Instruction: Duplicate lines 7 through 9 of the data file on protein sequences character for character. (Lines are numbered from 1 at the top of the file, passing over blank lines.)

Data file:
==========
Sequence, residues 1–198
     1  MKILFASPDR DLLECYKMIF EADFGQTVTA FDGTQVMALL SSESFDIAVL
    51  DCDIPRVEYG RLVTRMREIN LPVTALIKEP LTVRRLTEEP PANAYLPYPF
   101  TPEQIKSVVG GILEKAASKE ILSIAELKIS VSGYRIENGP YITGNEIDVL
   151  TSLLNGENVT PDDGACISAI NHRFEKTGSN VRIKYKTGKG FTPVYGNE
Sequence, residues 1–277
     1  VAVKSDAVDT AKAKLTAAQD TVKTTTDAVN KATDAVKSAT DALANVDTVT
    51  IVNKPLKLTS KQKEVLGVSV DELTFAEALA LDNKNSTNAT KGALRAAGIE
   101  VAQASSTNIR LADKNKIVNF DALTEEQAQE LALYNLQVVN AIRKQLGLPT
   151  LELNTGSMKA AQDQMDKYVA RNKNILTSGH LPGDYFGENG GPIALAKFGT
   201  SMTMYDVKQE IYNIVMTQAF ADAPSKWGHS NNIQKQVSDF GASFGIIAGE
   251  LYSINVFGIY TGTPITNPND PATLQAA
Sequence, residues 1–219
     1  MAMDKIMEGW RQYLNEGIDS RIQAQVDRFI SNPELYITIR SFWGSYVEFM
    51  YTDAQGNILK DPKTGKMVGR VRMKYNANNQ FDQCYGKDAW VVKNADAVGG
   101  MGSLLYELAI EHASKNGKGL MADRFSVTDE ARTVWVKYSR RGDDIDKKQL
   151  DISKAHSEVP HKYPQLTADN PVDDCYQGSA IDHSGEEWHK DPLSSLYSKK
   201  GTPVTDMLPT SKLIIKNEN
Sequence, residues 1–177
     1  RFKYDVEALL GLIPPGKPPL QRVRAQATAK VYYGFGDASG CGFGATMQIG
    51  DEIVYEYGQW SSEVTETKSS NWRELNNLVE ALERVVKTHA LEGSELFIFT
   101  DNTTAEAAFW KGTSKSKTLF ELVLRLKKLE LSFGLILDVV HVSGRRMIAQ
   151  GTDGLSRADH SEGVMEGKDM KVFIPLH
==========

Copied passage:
     1  VAVKSDAVDT AKAKLTAAQD TVKTTTDAVN KATDAVKSAT DALANVDTVT
    51  IVNKPLKLTS KQKEVLGVSV DELTFAEALA LDNKNSTNAT KGALRAAGIE
   101  VAQASSTNIR LADKNKIVNF DALTEEQAQE LALYNLQVVN AIRKQLGLPT